posted by VulcanMike at 5:18 AM on December 16, 2005


eriko's got the best plan i've read thusfar. though i wonder if some kind of identifier would help, though. i would not be averse to signing my ballot.
posted by moonbird at 5:19 AM on December 16, 2005


The system won't work unless you trust the counters.

I don't. What do I do now?
posted by Otis at 5:28 AM on December 16, 2005


eriko, interesting points. However I wonder if machine-readable serial numbers (e.g., something like a UPC code) that are not easily human-readable would add an extra measure of security to the voting process. A single vote in the paper trail could always be correlated with a vote tallied within a computer. Perhaps the audit does not need to be this elaborate.
I guess I am imagining a secondary machine perhaps designed by a different company that could be used as an adjunct to a paper-trail auditing process.
I would love to read this, but I have no patience for September.
posted by kingfisher, his musclebound cat at 5:31 AM on December 16, 2005


Let's go to the dip your finger in ink method, except (based on the 2000 elections) Americans would have had to dip thier middle finger. If they wanted to check thier ballot the RNC would have suggested going to a mirror, raising your ballot finger to yourself and see what democracy means to them.
posted by ElvisJesus at 5:31 AM on December 16, 2005


i would not be averse to signing my ballot.

Oh, I would. "Sir, you voted for Smith?" WAY too much evil.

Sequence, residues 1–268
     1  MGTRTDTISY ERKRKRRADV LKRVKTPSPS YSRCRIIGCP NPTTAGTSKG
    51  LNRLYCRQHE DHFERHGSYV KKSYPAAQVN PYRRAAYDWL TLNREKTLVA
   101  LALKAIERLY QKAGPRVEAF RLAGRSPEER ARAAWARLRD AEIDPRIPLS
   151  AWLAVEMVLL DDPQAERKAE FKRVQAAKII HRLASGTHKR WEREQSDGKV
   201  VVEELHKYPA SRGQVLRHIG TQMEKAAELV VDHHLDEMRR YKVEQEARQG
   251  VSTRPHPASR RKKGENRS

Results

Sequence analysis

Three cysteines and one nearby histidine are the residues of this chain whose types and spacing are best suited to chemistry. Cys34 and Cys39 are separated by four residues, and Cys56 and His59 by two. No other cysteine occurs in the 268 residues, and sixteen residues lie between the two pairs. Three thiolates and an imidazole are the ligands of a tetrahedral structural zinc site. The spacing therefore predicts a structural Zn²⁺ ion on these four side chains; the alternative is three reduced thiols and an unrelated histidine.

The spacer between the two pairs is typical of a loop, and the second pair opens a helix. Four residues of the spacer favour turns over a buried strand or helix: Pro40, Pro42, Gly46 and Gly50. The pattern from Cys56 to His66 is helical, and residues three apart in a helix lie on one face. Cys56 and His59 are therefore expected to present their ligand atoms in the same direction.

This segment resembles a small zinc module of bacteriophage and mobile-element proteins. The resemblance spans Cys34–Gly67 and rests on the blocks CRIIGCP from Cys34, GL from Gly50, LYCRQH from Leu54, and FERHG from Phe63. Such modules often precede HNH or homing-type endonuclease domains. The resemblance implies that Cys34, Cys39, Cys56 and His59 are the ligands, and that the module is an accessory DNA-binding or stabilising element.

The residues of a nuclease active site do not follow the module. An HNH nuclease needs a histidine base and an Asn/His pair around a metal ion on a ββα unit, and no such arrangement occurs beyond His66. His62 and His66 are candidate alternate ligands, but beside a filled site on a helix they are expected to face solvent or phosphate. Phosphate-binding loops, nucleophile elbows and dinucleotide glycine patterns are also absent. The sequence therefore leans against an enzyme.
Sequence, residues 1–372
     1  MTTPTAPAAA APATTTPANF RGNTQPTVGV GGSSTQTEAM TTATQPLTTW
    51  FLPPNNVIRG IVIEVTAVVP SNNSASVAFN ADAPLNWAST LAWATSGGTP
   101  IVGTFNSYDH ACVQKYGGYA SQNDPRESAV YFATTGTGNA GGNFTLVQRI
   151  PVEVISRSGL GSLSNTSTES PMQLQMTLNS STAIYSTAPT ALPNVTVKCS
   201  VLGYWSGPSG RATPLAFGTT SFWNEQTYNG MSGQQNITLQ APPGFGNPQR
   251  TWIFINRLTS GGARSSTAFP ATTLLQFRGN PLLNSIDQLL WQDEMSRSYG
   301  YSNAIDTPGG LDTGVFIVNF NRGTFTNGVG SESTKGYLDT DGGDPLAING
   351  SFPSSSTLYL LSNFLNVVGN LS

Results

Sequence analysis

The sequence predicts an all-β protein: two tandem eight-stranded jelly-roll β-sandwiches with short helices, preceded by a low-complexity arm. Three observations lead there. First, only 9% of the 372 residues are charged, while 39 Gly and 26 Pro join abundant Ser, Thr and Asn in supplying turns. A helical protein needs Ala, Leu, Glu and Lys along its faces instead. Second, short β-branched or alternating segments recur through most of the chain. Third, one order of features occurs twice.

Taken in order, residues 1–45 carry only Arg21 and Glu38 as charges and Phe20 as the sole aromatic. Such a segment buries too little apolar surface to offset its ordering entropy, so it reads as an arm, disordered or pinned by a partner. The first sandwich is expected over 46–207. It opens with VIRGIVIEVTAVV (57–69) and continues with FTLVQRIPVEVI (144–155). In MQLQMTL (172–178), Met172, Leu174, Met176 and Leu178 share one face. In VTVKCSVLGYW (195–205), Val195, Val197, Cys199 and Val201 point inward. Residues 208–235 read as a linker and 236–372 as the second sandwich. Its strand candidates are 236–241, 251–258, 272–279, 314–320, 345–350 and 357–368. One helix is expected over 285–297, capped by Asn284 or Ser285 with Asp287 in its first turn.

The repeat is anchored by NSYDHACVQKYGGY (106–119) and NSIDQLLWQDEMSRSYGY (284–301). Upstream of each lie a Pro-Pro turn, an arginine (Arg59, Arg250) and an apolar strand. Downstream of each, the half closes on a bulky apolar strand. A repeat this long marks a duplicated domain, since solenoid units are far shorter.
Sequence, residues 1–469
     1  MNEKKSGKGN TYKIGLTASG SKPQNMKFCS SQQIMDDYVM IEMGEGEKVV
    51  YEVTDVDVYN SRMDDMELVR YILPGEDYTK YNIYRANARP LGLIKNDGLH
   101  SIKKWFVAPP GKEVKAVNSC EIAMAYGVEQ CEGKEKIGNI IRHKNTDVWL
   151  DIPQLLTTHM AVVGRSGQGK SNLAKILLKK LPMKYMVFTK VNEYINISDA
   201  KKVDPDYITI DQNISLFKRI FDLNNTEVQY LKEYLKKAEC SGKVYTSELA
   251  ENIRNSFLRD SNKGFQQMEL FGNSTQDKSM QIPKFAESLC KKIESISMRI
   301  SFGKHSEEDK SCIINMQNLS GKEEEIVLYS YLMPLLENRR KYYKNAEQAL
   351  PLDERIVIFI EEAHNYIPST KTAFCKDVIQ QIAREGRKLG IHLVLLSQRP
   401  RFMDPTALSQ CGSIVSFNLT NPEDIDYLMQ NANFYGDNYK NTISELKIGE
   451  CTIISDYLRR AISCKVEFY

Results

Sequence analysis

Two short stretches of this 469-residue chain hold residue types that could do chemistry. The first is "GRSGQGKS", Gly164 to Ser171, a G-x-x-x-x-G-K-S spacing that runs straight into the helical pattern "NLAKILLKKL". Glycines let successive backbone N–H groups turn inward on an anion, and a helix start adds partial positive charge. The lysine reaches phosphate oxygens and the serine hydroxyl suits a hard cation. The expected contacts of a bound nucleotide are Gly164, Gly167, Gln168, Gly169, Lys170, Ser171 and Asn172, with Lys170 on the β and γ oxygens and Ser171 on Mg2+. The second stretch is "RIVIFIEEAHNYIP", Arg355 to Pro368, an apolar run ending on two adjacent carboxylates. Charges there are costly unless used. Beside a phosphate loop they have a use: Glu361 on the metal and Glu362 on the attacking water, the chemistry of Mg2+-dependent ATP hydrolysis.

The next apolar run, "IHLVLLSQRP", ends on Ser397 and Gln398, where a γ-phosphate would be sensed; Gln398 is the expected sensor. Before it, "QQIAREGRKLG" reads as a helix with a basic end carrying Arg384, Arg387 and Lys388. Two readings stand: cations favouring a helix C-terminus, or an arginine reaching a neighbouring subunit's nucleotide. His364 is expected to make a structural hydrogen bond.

You do want one person, one vote, but once the ballots are in the box, it is critical that you cannot attach a ballot to a given voter.

Knowing who voted is fine. Knowing how they voted is a fast track to repression -- "Sir, I'd like to help you, but you voted for Smith, so fuck you."

The system won't work unless you trust the counters.

Yes, though this is hard -- self interest works here, by making sure that there are number from each party, much abuse can be avoid. But there is no perfect answer.

Counting is the easiest place to pervert an otherwise fair election, and no technology can preven the "These guns say I get one vote, and you get none. Amazing, I won, 1-0." I have to consider that problem out of scope.

Paper ballots, as long as they're controlled properly, offer the most resistance because of thier ability to be counted with different technologies (pen-and-paper, various scanners, etc.) Printed with magnetic ink, you can scan them optically and magentically, and still count them by hand.